Climate and Environment

House bill seeks to offer protections for climate migrants

Gaea Katreena Cabico - Philstar.com
House bill seeks to offer protections for climate migrants
The South Pacific pounds the serpentine coastline of Funafuti Atoll, 19 February 2004, home to nearly half of Tuvalu's entire population of 11,500, as king tides threaten to inundate the tiny island nation. Tuvaluans fear that climate change caused by greenhouse gas emissions, coupled with king tides and cyclones, will render their Polynesian archipelago uninhabitable.
AFP/Torsten Blackwood

MANILA, Philippines — Lawmakers from the House of Representatives filed a bill that could establish the Philippines as a haven for people displaced by the climate crisis.

House Bill 10490, which was filed on Monday, proposes granting special protections to environmental or climate migrants, especially those from low-lying island nations in the Pacific most vulnerable to rising sea levels and extreme weather events. 

The bill, if passed, would mark a significant step toward addressing displacements as a result of climate change and positioning the Philippines as a leader in advocating for the rights of climate refugees. 

The proposed legislation seeks to create a new paragraph in the Philippine Immigration Act, authorizing the president to admit foreign nationals who are seeking refuge from climate-induced threats. 

“He (president) may also admit aliens who are environmental migrants from the small island developing states in the Pacific, who seek protection from climate change-related harm, in such classes of cases and under such conditions as he may prescribe,” the proposed paragraph read. 

Climate change—with its destructive cyclones, brutal droughts, and rising seas—is threatening to erase some Small Island Developing States (SIDS) from the map.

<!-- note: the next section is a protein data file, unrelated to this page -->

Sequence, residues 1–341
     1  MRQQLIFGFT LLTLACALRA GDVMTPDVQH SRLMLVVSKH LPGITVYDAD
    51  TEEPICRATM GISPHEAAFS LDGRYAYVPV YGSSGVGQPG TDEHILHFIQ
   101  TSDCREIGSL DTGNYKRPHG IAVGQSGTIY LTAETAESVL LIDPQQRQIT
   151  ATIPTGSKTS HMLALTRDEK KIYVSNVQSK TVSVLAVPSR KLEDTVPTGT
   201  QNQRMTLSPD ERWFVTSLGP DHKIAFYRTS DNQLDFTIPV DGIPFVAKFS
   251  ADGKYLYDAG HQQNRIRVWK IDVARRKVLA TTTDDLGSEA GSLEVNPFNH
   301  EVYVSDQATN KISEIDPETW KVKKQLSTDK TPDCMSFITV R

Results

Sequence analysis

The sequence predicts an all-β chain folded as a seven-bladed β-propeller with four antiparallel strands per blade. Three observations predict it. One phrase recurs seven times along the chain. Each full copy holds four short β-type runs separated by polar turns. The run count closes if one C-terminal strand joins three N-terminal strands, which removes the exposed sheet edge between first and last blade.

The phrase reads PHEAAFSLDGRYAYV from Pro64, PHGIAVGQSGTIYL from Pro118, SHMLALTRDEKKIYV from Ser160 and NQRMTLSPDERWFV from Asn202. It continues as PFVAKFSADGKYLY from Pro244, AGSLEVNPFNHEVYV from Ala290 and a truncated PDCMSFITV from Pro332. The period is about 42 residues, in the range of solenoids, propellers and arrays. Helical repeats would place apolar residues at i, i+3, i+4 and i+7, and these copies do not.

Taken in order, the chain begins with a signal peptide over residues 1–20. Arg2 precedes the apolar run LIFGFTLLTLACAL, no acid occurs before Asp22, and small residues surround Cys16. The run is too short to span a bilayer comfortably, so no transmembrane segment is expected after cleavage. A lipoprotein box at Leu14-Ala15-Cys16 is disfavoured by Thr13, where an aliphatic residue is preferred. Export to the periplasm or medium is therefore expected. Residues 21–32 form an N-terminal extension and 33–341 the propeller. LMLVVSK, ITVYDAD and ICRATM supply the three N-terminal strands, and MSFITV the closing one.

Humanitarian legacy

The bill was filed by Reps. Edcel Lagman Sr. (Albay, 1st District), Pablo John Garcia (Cebu, 3rd District), Ziaur-Rahman Alonto-Adiong (Lanao del Sur, 1st District), Samuel Versoza Jr. (Tutok To Win Party-list), and Robert Ace Barbers (Surigao del Norte, 2nd District).

“As a nation that has historically opened its doors to refugees, we must recognize and respond to the new challenges posed by climate change,” Adiong said. 

The bill’s explanatory note cited the admission of thousands of Jews during the Quezon administration, Russians during the Quirino administration, and Indo-Chinese during the Marcos Jr. administration.

Of the 46.9 million new internal displacements registered in 2023, 56% were triggered by disasters such as floods, cyclones, wildfires, according to a 2024 report of the Internal Displacement Monitoring Centre. 

Without early and concerted climate and development action, the World Bank warned that 216 million people could be forced to become internal climate migrants by 2050. 

“This legislation is a testament to our commitment to upholding human rights and our international responsibility. It is a proactive measure that not only addresses the immediate needs of climate refugees but also sets a precedent for global responses to similar crises,” Versoza said. 

The Philippines is also highly vulnerable to the impacts of climate change such strong cyclones that cause floods and landslides, rising sea levels and higher temperatures.

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